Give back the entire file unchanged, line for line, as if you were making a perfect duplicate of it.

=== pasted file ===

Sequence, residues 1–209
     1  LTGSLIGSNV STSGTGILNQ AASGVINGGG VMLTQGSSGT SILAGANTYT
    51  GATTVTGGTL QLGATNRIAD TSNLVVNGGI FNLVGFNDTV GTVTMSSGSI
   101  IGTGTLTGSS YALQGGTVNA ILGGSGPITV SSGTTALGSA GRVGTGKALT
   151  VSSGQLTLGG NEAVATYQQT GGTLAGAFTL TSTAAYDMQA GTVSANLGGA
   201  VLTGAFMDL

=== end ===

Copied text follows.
Sequence, residues 1–209
     1  LTGSLIGSNV STSGTGILNQ AASGVINGGG VMLTQGSSGT SILAGANTYT
    51  GATTVTGGTL QLGATNRIAD TSNLVVNGGI FNLVGFNDTV GTVTMSSGSI
   101  IGTGTLTGSS YALQGGTVNA ILGGSGPITV SSGTTALGSA GRVGTGKALT
   151  VSSGQLTLGG NEAVATYQQT GGTLAGAFTL TSTAAYDMQA GTVSANLGGA
   201  VLTGAFMDL